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D Line: How Great Can It Be?

Posted May 1, 2012

I can only imagine the first time Jim Washburn stands in front of his defensive line players, some of them fuzzy cheeked and with visions of their path to greatness defined in their minds ...

... and tells them the way things are going to be done if they intend to be member of the 2012 Philadelphia Eagles roster.

It will be a colorful one-way conversation. And it will be real, very real. Washburn is in his second season in charge of the Eagles' defensive line, and if you don't know his way by now, you haven't been paying attention.

Washburn is a passionate coach who, quite frankly, was put on this Earth to do what he does. He is in the best defensive line coach in the world -- a matter that even to debate is the ultimate compliment to Washburn -- and he suddenly has this outrageously talented group of linemen with which to work. The man has worked wonders in his coaching career and he made an instant impact with the Eagles last season, as we all saw.

In the matter of two offseasons, the Eagles have overhauled their defensive line. Additions like Jason Babin, Cullen Jenkins, Phillip Hunt, Fletcher Cox and Vinny Curry have changed the face of the line dramatically, both in tangible production and in sky-is-the-limit potential.

Of course, around the world of the NFL, "potential" is a dirty word. So it is up to coaches like Washburn to bring out the most in every player, to maximize that potential and to make reality the only chatter worth having.

When you look at all the moves the Eagles have made, whether it was retaining the pieces in place, or trading for middle linebacker DeMeco Ryans, or continuing their talent assault to aid Juan Castillo's defensive cause, the most relevant is the way the Eagles have addressed the defensive line which, if all works according to plan, should give the Eagles something special for years to come.

But there are a lot of steps to take to get from here -- which is a pretty darn good defensive line that led the NFL with 46 sacks (of the team's 50, which ranked second in the league) -- to a group that dominates game in and game out. The Eagles, conceivably, could make the case right now to pencil in 11 roster spots to the line, five to the tackle spots and six to the ends, but you know that the picture is going to change a bunch from now until the end of the preseason.

Certainly, defensive line has been an area of priority for Andy Reid's Eagles. He's invested six first-round draft picks on d linemen, five of them on tackles. It is a strategy that has paid off for the Eagles as they have been, in Reid's time here, among the best NFL teams in quarterback sacks and consistent, productive play from the defensive line.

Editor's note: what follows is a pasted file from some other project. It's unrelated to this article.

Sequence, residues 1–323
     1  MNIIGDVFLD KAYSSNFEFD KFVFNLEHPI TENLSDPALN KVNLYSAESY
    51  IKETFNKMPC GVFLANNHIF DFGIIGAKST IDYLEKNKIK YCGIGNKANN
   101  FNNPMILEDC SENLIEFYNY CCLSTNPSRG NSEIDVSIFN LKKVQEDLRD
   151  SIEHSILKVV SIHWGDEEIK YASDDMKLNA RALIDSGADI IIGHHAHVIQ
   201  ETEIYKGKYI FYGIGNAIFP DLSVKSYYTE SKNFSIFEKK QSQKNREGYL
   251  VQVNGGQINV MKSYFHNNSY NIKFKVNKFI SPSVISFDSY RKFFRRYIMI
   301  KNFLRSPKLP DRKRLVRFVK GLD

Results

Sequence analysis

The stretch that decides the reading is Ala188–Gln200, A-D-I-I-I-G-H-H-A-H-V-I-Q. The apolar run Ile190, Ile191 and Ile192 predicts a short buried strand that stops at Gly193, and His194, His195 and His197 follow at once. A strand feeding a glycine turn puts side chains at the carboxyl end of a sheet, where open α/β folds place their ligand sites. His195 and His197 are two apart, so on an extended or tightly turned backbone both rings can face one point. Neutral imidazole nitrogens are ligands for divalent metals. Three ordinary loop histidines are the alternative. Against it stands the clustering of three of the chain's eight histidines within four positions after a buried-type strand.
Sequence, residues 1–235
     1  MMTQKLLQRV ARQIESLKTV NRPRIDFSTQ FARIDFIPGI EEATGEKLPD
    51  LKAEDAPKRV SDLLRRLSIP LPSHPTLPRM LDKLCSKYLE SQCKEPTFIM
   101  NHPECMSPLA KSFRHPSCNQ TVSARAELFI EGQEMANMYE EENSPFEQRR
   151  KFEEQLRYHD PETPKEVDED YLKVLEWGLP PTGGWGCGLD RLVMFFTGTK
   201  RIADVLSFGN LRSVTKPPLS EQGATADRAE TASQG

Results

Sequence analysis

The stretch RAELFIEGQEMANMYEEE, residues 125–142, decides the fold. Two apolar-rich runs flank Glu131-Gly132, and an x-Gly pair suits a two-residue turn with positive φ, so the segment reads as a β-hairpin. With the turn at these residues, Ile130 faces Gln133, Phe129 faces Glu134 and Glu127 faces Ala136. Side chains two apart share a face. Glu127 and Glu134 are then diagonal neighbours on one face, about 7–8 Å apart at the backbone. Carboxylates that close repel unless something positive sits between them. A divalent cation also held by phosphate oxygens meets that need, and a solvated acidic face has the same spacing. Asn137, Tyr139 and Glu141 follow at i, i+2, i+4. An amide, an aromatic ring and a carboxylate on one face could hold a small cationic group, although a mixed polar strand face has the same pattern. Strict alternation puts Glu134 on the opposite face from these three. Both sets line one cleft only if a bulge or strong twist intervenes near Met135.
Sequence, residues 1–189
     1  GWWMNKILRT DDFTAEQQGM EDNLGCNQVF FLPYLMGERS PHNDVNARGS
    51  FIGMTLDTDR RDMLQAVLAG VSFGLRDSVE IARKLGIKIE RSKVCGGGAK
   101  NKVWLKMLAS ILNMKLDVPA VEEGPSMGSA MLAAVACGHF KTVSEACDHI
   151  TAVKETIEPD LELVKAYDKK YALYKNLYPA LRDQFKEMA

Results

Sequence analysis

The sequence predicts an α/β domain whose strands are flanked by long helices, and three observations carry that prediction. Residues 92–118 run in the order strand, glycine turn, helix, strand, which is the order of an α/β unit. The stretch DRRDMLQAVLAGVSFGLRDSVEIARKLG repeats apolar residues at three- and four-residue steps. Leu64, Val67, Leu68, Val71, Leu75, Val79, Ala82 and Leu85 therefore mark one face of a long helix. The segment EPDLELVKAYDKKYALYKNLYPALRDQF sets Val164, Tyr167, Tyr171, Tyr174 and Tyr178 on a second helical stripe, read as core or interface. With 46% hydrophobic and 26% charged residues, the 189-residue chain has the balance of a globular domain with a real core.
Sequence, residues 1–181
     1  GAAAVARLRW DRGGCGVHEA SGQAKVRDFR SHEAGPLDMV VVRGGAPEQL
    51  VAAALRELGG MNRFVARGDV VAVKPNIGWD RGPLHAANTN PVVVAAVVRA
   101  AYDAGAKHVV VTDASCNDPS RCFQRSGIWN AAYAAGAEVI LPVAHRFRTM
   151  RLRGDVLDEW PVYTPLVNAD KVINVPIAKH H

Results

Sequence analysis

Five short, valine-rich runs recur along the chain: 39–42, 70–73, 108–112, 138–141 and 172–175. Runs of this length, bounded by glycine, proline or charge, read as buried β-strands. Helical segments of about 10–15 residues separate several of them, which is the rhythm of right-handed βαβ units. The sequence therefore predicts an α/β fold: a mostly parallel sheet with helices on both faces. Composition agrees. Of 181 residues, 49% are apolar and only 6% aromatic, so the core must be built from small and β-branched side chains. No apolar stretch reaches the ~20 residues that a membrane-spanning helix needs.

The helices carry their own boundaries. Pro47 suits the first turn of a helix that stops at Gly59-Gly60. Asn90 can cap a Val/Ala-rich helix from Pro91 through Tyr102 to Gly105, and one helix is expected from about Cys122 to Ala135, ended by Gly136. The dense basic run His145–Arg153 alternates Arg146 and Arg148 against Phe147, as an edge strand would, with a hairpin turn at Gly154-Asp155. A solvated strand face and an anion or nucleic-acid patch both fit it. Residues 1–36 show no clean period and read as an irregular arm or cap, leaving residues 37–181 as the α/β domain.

So now what do the Eagles have? At tackle, the starters are Cullen Jenkins and Mike Patterson, a pair of good-to-very good players who have seen it all in the NFL. They have Antonio Dixon, in great shape after a tough 2011 campaign, who should thrive under Washburn this season. They have Derek Landri, the most productive tackle on the roster last year with limited snaps, a player who is all hustle and quickness and desire.

And they have Cox, a first-round pick who many analysts believe will work his way into a starting spot very early in his career.

It's not fair to omit Cedric Thornton, whom the Eagles did everything they could to successfully keep him on the practice squad in 2011. He has a lot of what Washburn likes -- quickness, technique, tenacity.

At defensive end, the picture is even more impressive. Curry comes in to push a pair of Pro Bowl players in Jason Babin and Trent Cole as well as a former first-round pick in Brandon Graham, a proven veteran in Darryl Tapp and a second-year NFL player in Phillip Hunt who, from this perspective, can be an extremely dynamic pass rusher and complete defensive end in this league.

I've been around long enough to watch the Reggie White, Clyde Simmons, Jerome Brown, Mike Pitts and Mike Golic line crush offenses play after play. That was an awesome group, one of the best in the history of the franchise. Since then there have been good groups and better individuals, from William Fuller to Hugh Douglas to Corey Simon to Cole and now to Babin and Jenkins and even Patterson, who I have always thought an underrated player.

Never, though, has there been a combination since those Gang Green days a combination of sheer talent and coaching genius.

And that is why, with everything the Eagles have done with the defense, the line is going to lead the way in 2012. I love the Ryans addition, and I think Mychal Kendricks will be a big part of things to come at linebacker, and Nnamdi Asomugha and Dominique Rodgers-Cromartie as well as Joselio Hanson/Brandon Boykin will do a terrific job at cornerback. Safety is a bit uncertain, but there is promise with young players still developing.

Make no mistake, though: The line keys everything on defense. And the Eagles have invested so much there, with draft picks, free agency and a huge coaching addition, that it is going to be -- or as least has a chance to be -- versatile and dominating this season. The Eagles already have great pressure with Cole and Babin off the edges, and if they can gain production inside with their pass rush and still attack the running game, the line can truly be special.

In charge of all of this is Washburn, who is exactly the coach you want to run the show here. He knows how to kick 'em and he knows how to kiss 'em. As ornery and nasty as Washburn can be, the players know that there is nothing but love in his message. He demands that players perform to their maximum ceiling, at his tempo and his level of desire, or they aren't going to be his players.

Enjoy the show, Eagles fans. The defensive line is about to return to its glory days when it took over games and didn't let go.

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